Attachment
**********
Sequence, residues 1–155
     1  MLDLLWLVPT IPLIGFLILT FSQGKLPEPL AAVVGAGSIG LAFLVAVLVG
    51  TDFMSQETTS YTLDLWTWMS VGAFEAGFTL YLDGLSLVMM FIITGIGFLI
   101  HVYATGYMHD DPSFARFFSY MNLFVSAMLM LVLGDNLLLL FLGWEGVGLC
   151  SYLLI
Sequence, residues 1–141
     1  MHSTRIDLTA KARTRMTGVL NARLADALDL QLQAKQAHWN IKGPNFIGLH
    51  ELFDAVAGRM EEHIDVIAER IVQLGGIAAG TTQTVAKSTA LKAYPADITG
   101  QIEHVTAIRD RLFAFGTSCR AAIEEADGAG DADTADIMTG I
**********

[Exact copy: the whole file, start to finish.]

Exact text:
Sequence, residues 1–155
     1  MLDLLWLVPT IPLIGFLILT FSQGKLPEPL AAVVGAGSIG LAFLVAVLVG
    51  TDFMSQETTS YTLDLWTWMS VGAFEAGFTL YLDGLSLVMM FIITGIGFLI
   101  HVYATGYMHD DPSFARFFSY MNLFVSAMLM LVLGDNLLLL FLGWEGVGLC
   151  SYLLI
Sequence, residues 1–141
     1  MHSTRIDLTA KARTRMTGVL NARLADALDL QLQAKQAHWN IKGPNFIGLH
    51  ELFDAVAGRM EEHIDVIAER IVQLGGIAAG TTQTVAKSTA LKAYPADITG
   101  QIEHVTAIRD RLFAFGTSCR AAIEEADGAG DADTADIMTG I